In 1985, the Jacksonville Transportation Authority (JTA) received more than $23 million from the federal government to build the Skyway Express. City Council had worked hard to get this grant.
From 2009 to 2016 Duval taxpayers subsidized the Skyway by more than $90 million. They also subsidized JTA by an additional $560 million in that same period, mostly for its bus operation.
Now, JTA wants to partner with St. Augustine to build a light rail system connecting it to Jacksonville.
On July 11, Richard Clark, director of economic development for JTA, gave a presentation to the city commissioners of St. Augustine. The presentation highlighted a light rail project to connect Jacksonville and St. Augustine with four rail station locations.
Clark cited Florida’s Sunrail and Minnesota’s Northstar as comparable lines saying they are incredibly successful. Both these rail lines have fallen short of initial ridership estimates and have been more costly than anticipated.
Which definition of success is he referring to? To gain something, the achievement of something planned or desired? If the plan is bankruptcy, he might be spot on!
Sunrail was subsidized by taxpayers for more than $39 million in 2019
Northstar is no different, Minnesota taxpayers shell out approximately $20 for every rider. Former engineering professor at the University of Minnesota David Levinson, criticized the Northstar’s initial estimates of benefit/cost as “strategic misrepresentation.”
The line has become so costly that last year Minnesota state representative Jon Koznick introduced a bill to terminate the line. However, federal dollars always come with strings; Minnesota would owe the Department of Transportation $85 million if it were terminated.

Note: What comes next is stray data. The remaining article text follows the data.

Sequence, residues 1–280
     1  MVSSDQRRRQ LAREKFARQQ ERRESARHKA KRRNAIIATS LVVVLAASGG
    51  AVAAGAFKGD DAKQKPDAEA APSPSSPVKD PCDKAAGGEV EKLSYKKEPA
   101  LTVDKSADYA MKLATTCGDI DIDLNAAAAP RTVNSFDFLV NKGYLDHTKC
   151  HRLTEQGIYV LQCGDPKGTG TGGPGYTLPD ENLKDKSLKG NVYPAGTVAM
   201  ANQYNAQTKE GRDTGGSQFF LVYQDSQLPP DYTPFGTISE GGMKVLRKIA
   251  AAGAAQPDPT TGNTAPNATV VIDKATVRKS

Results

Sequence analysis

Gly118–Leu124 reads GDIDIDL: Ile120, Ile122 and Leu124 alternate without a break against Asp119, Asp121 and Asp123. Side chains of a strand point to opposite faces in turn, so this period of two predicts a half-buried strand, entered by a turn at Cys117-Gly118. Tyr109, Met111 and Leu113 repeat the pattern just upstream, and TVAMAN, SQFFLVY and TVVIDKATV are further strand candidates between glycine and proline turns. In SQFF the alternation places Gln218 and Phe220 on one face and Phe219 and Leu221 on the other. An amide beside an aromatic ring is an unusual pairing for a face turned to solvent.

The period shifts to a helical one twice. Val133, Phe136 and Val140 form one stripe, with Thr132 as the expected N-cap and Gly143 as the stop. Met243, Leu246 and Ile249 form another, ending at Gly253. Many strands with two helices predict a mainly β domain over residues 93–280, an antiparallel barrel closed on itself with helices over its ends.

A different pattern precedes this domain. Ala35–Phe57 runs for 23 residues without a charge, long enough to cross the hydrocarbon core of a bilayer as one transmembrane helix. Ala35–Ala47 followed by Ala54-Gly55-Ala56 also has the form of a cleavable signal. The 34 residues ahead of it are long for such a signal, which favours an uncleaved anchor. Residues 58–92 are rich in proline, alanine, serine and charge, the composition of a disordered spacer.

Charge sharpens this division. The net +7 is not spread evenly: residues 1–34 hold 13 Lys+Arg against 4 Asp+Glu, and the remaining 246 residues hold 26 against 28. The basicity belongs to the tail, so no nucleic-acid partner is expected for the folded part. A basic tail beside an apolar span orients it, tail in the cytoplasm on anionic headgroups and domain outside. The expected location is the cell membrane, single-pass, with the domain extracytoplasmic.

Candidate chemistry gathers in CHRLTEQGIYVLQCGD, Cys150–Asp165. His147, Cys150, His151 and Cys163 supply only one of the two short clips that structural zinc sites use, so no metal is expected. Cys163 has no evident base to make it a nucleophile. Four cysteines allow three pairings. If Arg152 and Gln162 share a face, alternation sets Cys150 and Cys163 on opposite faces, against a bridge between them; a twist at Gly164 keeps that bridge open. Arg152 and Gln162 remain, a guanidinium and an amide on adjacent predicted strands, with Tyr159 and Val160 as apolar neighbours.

How are these ever-increasing subsidies sustainable for the taxpayer, especially taxpayers on a fixed budget?
During the presentation one of the commissioners asked Clark what the maintenance and operating costs might be. Great question, and one that all our elected officials should ask before obligating taxpayers. Clark stated the project is yet to begin, so that question cannot be answered.
We never have heard of a government plan that had no cost estimates, even though they might be preposterous.
Perhaps the commission should take a close look at the initial plans and actual outcomes for the rail lines Clark cited as successful.
Mass transit depends on population density for success. New York City has 27,000 people per square mile. Orlando, where Sunrail operates, has 2,700.
Compare that to St. Johns County, which has 455 people per square mile. Duval County has 1,305 people per square mile.
How much money spent is too much? At what point do we begin to question the billions spent annually to subsidize the transit industry? Are these subsidies sustainable?
It is called a cost/benefit ratio. Any business would make the calculation before putting a plan into effect.